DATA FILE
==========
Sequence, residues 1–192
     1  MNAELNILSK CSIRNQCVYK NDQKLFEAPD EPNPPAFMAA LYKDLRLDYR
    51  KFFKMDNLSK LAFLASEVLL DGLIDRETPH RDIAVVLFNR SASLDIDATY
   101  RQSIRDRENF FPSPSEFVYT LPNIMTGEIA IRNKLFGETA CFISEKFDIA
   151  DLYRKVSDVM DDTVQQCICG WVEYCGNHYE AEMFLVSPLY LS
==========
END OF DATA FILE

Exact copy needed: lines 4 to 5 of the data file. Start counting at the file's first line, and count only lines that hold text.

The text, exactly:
   101  RQSIRDRENF FPSPSEFVYT LPNIMTGEIA IRNKLFGETA CFISEKFDIA
   151  DLYRKVSDVM DDTVQQCICG WVEYCGNHYE AEMFLVSPLY LS